French conductor Sylvain Cambreling, mostly a specialist in contemporary music, has turned to the Classical period with intriguing results. Recording with the cumbersomely named Southwest German Radio Orchestra of Baden-Baden and Freiburg, he here offers entirely innovative recordings of three familiar Haydn symphonies. It's possible to state that he coaxes precise playing from this mid-level orchestra and that nearly every movement is done in an unusual way, but beyond that, reactions to this recording are likely to be personal. Start with the opening bars of the Symphony No. 73 in D major, Hob. 1/73, "La Chasse," which may according to the listener's orientation seem etherally light or fussy and wandering. Try the brisk clip of the slow movement of the Symphony No. 82 in C major, Hob. 1/82, "The Bear," or the tense and utterly unjovial minuet of the Symphony No. 73, which comes out sounding like one of Cambreling's specialties, Stravinsky. All of these run counter to the usual images of Haydn, but all are worked out in detail and expose details of the music that have lain untouched until this point. Nowhere less than bracing, these may be the most unusual Haydn symphony recordings since the historical-instrument readings of Thomas Fey and his Heidelberger Sinfoniker.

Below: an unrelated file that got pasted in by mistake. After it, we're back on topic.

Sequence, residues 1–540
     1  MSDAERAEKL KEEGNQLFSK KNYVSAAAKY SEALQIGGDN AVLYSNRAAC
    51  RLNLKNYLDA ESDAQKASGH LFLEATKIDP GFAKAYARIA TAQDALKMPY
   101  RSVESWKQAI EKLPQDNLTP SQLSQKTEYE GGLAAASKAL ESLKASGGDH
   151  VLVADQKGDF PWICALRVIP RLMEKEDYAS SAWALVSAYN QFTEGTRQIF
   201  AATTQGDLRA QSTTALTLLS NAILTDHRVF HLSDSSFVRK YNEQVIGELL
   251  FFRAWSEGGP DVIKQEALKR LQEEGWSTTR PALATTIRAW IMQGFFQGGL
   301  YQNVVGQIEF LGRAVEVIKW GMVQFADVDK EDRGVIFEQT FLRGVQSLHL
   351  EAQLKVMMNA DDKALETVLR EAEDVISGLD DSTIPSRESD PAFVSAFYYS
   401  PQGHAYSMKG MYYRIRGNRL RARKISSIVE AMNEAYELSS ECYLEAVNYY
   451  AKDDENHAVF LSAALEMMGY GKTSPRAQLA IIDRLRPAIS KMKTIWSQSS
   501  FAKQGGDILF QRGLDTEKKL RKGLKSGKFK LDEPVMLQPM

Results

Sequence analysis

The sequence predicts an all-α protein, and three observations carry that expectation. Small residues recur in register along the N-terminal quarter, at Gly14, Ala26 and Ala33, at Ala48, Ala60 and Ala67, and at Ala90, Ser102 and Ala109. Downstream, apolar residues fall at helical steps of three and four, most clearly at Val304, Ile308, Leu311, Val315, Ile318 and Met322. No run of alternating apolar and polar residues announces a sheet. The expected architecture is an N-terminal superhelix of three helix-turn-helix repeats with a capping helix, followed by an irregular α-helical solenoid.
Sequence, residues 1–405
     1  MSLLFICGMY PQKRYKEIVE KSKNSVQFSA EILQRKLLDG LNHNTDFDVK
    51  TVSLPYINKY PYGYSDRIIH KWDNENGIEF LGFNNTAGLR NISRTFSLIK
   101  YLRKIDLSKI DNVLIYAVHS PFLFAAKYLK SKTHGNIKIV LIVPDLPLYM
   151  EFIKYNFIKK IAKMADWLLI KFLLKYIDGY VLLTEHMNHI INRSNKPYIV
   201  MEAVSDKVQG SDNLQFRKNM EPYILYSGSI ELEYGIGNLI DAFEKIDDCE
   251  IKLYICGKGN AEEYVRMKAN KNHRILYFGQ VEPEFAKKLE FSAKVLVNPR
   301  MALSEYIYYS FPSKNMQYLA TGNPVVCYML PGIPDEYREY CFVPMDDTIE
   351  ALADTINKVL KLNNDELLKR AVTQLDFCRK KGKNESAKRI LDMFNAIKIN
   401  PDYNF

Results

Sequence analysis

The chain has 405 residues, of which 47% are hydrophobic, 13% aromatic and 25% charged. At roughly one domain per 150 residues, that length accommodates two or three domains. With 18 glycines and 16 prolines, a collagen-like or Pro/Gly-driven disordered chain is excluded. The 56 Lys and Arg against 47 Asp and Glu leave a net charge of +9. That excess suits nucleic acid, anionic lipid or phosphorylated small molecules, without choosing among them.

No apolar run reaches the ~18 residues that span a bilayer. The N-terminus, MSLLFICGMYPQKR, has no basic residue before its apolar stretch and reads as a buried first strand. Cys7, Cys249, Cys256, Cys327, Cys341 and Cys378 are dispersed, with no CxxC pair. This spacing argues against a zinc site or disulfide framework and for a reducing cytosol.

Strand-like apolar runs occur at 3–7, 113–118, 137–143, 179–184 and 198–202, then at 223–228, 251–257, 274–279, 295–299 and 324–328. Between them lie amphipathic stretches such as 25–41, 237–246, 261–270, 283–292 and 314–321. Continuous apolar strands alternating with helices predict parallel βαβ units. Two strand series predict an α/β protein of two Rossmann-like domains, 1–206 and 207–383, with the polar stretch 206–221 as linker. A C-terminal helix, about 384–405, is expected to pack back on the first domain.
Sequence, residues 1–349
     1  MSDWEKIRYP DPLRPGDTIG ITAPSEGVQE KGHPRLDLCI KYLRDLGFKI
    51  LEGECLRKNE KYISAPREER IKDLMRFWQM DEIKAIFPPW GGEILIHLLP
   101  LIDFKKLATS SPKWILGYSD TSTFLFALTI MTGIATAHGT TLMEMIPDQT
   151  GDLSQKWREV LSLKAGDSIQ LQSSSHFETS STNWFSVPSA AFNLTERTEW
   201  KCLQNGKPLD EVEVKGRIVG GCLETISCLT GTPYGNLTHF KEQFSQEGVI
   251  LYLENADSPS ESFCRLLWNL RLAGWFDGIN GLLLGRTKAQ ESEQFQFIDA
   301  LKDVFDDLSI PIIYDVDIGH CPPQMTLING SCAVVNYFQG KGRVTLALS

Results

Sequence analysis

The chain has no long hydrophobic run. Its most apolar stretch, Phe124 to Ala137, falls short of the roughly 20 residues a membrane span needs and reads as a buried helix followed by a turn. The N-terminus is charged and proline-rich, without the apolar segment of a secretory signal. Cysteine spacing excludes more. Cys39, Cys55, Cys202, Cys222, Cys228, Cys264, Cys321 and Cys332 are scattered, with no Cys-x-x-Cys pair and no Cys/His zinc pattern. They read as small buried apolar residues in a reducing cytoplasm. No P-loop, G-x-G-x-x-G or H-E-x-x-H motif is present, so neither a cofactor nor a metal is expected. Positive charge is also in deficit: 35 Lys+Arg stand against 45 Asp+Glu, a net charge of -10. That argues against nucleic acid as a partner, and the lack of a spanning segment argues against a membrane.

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AllMusic Review by James Manheim
|Sinfonie "La Chasse" Nr. 73, D-Dur, Hob. 1:73|
|Sinfonie "Lamentatione" Nr. 26 d-Moll, Hob. 1:26|
|Sinfonie "L'Ours" Nr. 82 C-Dur, Hob. 1:82|